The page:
NASA scientists have developed a new software that will help drones automatically spot the best places to crash-land in case of an emergency, without hurting anyone on the ground. Increasing numbers of drones in the sky raises the risk to people and property below being hit when these unmanned aerial vehicles develop mechanical problems.
Now, Patricia Glaab, an aerospace technologist at NASA Langley Research Centre in the US, and colleagues have developed a crash-landing software for drones. During eight test flights, the technology successfully spotted safer landing sites such as swamps or drainage ditches to crash instead of cars or people on the ground, Glaab said.The software links on-board drone components like batteries and motors to monitor their health, ‘Fortune.com’ reported.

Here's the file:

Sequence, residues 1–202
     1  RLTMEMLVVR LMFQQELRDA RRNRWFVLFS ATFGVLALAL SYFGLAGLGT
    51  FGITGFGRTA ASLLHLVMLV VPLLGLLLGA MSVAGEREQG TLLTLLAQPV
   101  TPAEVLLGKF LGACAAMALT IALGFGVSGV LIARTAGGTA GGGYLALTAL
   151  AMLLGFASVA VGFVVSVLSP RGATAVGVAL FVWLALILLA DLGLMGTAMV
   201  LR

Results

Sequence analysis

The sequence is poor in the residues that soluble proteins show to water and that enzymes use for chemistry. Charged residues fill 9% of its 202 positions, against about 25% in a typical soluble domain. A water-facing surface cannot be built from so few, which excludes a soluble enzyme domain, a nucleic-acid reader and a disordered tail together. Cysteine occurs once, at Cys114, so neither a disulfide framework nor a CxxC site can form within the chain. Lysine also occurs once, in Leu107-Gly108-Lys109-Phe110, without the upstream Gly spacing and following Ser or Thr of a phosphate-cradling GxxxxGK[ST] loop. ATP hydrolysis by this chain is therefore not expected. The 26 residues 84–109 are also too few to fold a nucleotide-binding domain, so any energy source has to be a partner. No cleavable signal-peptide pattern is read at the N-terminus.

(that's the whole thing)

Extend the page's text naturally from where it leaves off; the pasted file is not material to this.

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The technology identifies when something on the drone goes wrong, and puts the aerial vehicles in a crash-landing mode.When triggered, the software checks a pre-installed database of nearby safe zones that it can then pilot itself towards.
The software also incorporates technology that lets drones recognise and avoid objects on the ground using on-board cameras, Glaab said.Businesses increasingly use drones for things like inspecting rooftops or power lines, raising the risk of in-flight mechanical and software problems that could put people below in danger.